As I thought about this, I asked myself “so his career and fame were all based on luck?” There were 66 other Jewish chaplains in the ETO in April 1945. It was luck that R. Schacter was the one assigned to Patton’s army, and that it was that army that liberated Buchenwald. Had any of the other Jewish chaplains been so assigned, had R. Schacter been assigned to a different unit, or had a different unit arrived at Buchenwald first, then he would not have been “the rabbi of Buchenwald”; he would have been one more courageous Jewish hero returning to the States after the war. No doubt he would have gone on to a fine rabbinical career, but not one that would merit a front-page obit.
As I thought some more, though, I realized that my question completely misses the point. It wasn’t that R. Schacter had “luck” (a poor choice of words, to be sure, to describe the hell he walked into that day — perhaps serendipity is better); it was what he made of it. He could have done what he did and minister to the survivors for 10 weeks, and then, after he was mustered out, return to his career as a congregational rabbi.
But he did so much more. First, as the biography tells us, he used “his unique oratorical and public relations skills … [to] become the public face of the survivors and play an important role as an eyewitness” to draw attention to their plight. And then, in addition to leading his congregation, he continued throughout his whole life to serve the worldwide Jewish community above and beyond the call of duty. As his beloved wife Pnina once described him to JJ, then age 5, when he asked where his missing father was during one summer vacation, “ihr iz gegangen helfin yidden” — he went to help Jews, a phrase inscribed on his tombstone.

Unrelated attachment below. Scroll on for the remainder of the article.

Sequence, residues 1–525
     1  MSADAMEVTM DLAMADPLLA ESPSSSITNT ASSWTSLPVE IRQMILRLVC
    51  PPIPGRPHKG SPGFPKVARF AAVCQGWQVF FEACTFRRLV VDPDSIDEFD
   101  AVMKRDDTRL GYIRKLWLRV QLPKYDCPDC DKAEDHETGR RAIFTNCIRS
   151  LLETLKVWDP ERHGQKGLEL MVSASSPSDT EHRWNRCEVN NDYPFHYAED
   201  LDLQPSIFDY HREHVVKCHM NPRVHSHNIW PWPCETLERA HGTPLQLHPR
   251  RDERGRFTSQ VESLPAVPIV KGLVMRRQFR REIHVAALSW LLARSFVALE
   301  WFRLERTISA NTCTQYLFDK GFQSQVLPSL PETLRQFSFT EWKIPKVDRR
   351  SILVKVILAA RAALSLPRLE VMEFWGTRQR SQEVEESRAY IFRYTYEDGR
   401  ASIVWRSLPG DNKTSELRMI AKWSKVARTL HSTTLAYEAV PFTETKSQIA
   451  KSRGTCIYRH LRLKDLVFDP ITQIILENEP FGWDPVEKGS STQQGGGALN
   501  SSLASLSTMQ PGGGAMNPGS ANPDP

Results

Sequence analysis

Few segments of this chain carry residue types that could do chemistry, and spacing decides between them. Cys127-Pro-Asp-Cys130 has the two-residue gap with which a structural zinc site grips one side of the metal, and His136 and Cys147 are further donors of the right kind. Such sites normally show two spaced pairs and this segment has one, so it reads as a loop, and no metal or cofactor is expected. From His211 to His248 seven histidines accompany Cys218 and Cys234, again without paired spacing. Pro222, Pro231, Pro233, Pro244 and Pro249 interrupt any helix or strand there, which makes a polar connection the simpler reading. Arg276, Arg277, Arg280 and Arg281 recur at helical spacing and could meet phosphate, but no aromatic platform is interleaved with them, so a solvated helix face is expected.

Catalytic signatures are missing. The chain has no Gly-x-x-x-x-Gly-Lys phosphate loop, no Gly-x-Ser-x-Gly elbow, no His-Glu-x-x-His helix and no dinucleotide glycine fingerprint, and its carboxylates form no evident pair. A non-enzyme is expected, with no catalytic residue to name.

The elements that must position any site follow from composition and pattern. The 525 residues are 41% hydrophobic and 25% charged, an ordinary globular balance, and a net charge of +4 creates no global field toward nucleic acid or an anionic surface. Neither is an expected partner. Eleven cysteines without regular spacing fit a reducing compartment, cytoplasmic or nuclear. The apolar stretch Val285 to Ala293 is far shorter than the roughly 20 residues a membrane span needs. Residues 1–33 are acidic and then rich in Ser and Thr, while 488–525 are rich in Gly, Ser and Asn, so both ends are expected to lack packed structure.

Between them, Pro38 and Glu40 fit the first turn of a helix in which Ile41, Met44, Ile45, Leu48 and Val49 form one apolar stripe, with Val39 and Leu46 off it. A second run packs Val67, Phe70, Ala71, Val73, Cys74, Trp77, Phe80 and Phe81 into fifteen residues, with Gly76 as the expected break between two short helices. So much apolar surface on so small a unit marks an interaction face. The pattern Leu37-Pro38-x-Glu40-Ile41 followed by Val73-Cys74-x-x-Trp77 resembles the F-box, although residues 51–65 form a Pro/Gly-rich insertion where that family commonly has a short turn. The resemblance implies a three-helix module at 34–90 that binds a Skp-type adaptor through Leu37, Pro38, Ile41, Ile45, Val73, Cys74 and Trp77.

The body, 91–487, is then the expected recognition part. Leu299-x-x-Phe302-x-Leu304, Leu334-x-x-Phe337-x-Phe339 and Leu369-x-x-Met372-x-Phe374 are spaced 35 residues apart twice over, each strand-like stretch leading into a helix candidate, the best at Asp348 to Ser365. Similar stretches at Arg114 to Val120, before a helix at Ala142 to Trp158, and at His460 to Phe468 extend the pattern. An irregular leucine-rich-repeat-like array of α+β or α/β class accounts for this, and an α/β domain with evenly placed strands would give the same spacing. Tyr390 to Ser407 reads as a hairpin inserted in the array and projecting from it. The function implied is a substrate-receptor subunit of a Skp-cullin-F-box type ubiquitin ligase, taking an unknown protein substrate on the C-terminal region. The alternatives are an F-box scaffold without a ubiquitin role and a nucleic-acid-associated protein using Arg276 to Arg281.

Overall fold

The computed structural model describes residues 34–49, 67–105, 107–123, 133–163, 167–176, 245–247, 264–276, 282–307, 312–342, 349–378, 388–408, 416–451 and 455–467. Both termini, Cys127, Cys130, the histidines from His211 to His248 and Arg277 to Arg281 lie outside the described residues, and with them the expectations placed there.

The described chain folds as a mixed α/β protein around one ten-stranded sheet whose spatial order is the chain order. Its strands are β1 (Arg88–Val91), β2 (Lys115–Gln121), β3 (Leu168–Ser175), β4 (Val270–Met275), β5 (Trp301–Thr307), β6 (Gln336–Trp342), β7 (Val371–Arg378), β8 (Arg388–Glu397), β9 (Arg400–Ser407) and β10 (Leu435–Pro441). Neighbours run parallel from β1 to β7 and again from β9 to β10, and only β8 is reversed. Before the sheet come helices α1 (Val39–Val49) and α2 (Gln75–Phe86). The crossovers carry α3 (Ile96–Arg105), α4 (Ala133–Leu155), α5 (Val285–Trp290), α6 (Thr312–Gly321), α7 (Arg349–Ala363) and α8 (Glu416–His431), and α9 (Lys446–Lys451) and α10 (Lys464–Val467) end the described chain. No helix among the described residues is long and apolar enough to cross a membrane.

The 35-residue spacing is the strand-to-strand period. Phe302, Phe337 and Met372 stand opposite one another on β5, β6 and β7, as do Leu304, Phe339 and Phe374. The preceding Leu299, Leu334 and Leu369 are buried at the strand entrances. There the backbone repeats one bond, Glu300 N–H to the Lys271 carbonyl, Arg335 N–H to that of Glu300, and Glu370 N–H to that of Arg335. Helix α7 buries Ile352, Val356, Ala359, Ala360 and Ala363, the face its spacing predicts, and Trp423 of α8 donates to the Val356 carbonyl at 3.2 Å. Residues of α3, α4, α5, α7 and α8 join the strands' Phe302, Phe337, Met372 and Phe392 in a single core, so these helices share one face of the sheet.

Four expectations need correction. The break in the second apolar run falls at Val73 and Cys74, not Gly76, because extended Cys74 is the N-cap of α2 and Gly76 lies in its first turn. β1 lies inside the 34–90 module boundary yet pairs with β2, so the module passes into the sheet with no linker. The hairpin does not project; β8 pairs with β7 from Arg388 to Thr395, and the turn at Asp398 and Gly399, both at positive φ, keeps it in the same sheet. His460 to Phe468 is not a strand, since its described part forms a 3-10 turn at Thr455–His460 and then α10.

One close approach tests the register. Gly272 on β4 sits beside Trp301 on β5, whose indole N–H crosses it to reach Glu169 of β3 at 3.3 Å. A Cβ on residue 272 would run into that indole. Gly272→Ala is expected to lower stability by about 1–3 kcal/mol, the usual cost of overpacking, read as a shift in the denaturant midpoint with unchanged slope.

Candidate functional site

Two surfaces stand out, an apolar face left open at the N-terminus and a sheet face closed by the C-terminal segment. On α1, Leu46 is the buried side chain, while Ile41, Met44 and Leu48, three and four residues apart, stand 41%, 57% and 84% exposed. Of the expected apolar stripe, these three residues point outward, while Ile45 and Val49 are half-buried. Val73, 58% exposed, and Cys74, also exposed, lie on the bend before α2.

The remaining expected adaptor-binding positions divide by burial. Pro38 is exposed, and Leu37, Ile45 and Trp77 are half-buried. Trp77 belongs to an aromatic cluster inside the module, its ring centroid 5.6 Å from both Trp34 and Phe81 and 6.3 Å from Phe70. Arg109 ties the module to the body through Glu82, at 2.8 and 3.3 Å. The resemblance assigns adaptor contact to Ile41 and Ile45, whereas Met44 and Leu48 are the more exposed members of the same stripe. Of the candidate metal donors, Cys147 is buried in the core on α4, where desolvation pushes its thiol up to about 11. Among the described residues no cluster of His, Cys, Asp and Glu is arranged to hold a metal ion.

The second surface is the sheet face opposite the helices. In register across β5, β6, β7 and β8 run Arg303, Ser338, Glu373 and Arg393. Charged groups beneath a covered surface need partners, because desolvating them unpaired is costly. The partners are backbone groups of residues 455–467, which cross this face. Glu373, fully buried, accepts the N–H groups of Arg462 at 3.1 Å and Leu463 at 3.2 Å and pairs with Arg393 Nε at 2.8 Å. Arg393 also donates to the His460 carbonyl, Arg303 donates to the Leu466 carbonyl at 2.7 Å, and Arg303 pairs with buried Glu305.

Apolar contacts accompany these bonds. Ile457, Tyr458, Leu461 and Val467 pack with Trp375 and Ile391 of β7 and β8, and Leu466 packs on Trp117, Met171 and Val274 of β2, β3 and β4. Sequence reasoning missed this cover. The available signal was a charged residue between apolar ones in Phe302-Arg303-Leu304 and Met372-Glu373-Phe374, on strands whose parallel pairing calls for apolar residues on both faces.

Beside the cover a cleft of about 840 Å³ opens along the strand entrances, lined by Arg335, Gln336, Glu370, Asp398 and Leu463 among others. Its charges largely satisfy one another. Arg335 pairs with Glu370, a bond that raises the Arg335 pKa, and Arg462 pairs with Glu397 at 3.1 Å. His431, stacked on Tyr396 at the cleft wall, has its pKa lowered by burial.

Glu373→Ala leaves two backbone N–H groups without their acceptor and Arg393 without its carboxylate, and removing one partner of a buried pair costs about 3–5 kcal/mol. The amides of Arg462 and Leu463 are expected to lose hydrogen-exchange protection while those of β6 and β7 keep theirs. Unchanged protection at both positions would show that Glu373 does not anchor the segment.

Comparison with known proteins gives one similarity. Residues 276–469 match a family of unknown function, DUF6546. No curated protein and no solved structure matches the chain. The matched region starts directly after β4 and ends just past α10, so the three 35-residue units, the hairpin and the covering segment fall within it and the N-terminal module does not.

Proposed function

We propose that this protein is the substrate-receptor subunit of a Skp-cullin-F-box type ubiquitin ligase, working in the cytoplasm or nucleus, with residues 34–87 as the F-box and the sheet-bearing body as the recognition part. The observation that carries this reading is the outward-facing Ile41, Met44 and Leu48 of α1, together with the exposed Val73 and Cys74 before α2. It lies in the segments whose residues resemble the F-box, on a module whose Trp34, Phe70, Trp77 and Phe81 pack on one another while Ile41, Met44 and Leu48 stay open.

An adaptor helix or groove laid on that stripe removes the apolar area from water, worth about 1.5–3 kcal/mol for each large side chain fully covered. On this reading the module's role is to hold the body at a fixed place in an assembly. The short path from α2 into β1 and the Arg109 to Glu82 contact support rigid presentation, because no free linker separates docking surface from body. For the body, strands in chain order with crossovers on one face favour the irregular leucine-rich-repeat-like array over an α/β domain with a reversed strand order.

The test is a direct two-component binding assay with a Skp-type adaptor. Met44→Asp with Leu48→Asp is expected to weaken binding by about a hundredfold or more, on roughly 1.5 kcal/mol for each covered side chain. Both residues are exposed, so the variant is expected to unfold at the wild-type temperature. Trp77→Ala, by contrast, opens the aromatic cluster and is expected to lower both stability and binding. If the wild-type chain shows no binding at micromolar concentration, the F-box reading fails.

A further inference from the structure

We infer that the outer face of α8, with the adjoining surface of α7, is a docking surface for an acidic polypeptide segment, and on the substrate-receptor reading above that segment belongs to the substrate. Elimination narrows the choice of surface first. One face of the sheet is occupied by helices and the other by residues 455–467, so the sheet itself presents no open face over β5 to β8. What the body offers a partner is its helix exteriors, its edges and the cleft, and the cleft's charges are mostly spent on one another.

While it’s sometimes necessary to have luck, it’s usually not sufficient. What’s most important is what one decides to create from it. R. Schacter devoted a life to helping Jews not because of luck, but because of how he determined to use it to do what was necessary to create his future reality.
This is true in so many other areas of life. You’re not really looking for a new job but you hear a vague lead to what could be your ideal position. Pure luck; the rumor just fell into your lap. But it’s not worth much unless you decide to make it so; to follow up, do the hard work finding the right person to contact, apply for the job, and then use your talents to the utmost. Your new career is only partially due to luck, but mainly because of how you determined to use that luck to do what was necessary to create your future reality.